" ter; yet, surely, you cannot, with the Words of my motto, “ the precious lours charge of 50 or 100 thousand a year in " were wasted in suspicions and delays;” “ your hand, for secret services abroad, in hesitations and bickerings, in the con " have the impudence to plead want of dicts of hostile interests and hostile ca “ correct information, as to the strength of prices. It will be pretended, perhaps," the Spanish troops and the disposition that the Juntas, in Spain, did not, at first,“ of the people of Spain?"-There is, wish for our assistance; that they kept and there can be, no maintainable justifialori, until they saw Napoleon approach- cation for the measures, or the inactivity, ing. But, the answer to this is, that an which have led to the known dreadful English ministry, having the interest and situation of our army. We know, that the honour of their country at heart, our government had in its hunds, two would have well weighed the question, months before Napoleon set foot in
not then too late to Spain, an army quite sufficient to meet do any thing effectual; whether it was him there; to meet him in a country, not, then, too late to send ap army whence, by the people of that councapable of meeting that of the French; try, his brother and his troops had and, if they found that to be the case, been driven in disgrace; we know, that they would have sent no troops at all. The they had the means of sending this our fact is, however, that, when the applica- army to Spain, and even to the passes of i he tion was made, it was not too late ; for, it Pyrenees, long before he, with his army, was not too late even when our army was could possibly arrive at that point ; and, ordered to march from Portugal into we know, that they have so managed matSpain, which orders must have gone froin ters, that there is only about 28 iho is ind Whitehall early in the month of Septem- English troops in Srain to make head ber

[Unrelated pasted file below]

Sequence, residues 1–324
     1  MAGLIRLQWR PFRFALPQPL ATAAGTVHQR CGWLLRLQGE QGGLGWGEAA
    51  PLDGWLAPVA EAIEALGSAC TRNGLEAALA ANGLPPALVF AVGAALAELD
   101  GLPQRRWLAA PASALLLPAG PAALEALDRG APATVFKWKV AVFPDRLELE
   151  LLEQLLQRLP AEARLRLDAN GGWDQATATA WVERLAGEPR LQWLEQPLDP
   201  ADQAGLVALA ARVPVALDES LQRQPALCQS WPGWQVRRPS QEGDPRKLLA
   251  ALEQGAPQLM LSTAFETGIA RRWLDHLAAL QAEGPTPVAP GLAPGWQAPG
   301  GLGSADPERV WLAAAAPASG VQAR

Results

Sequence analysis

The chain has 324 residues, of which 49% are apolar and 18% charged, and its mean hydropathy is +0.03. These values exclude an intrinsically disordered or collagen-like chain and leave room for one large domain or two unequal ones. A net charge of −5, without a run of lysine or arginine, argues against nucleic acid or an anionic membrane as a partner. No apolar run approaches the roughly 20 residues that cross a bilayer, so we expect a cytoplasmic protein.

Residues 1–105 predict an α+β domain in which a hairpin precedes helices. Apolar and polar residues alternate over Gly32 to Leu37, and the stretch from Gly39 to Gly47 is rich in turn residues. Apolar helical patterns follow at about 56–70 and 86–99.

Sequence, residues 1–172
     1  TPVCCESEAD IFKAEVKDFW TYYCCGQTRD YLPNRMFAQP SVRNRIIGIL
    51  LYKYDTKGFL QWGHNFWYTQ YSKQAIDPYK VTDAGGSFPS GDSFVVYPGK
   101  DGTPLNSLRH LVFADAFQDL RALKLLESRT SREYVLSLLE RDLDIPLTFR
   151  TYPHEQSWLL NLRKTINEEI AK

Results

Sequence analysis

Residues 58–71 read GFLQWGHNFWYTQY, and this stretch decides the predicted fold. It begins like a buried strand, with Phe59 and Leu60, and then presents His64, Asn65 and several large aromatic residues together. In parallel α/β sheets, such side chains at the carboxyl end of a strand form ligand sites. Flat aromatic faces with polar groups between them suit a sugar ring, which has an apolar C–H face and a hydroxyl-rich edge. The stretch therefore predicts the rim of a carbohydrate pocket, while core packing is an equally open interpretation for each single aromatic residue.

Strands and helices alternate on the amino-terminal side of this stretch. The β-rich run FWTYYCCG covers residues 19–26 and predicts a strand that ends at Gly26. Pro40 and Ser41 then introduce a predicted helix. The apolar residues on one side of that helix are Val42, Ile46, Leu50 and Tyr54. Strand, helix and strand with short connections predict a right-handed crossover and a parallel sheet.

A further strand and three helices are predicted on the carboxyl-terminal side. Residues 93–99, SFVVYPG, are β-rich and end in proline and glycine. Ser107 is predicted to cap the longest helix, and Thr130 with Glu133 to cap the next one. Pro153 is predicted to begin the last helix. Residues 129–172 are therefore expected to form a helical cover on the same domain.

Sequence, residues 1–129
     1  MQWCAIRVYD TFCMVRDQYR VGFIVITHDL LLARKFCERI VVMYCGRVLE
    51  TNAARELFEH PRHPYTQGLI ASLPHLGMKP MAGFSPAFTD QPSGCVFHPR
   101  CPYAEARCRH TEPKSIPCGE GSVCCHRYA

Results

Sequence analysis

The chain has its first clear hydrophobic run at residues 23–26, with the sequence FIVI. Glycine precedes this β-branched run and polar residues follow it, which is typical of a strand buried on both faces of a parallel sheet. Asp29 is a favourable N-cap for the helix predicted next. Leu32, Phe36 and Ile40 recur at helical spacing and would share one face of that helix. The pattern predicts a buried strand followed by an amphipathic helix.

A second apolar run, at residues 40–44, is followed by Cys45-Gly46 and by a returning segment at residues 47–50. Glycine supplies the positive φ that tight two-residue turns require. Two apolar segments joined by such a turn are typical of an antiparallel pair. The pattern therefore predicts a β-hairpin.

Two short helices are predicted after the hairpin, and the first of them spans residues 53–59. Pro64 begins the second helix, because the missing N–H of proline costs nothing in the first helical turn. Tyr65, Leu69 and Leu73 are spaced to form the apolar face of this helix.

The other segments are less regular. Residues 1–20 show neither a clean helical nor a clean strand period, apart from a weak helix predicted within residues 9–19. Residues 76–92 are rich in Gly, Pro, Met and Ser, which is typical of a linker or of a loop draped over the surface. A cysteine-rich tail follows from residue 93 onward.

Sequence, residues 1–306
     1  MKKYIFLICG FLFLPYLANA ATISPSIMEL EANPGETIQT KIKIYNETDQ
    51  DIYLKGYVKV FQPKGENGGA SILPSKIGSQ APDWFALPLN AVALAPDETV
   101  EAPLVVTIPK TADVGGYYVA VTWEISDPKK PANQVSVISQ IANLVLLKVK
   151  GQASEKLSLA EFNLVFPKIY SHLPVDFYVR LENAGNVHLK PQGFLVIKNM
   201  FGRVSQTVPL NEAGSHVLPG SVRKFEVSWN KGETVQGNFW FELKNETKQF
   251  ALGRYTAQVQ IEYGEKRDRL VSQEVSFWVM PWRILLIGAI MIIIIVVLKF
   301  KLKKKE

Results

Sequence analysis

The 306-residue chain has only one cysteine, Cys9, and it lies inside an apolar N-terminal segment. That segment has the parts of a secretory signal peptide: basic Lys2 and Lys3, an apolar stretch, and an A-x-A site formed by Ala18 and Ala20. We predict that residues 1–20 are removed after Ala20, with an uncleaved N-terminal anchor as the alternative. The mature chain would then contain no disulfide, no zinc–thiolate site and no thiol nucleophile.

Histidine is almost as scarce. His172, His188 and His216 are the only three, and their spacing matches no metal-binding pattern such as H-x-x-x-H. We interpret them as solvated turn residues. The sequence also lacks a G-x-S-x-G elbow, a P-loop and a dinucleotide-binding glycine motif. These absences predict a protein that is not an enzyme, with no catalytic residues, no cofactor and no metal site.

, full two months before the French against a French army of, at :he very least, re-entered the Spanish dominions; so 100 thousand men. These faits are unthat
, there is not the smallest excuse, as to deniable. If we are told of dificulties in trant of time. But, “our ministers the transporting of so large an arris, we
Were deceived as to the amount of the ask, what you do, then, with the 23 mil" Spanish force, and the disposition of the lions of pounds sterling a year? What is
whether it was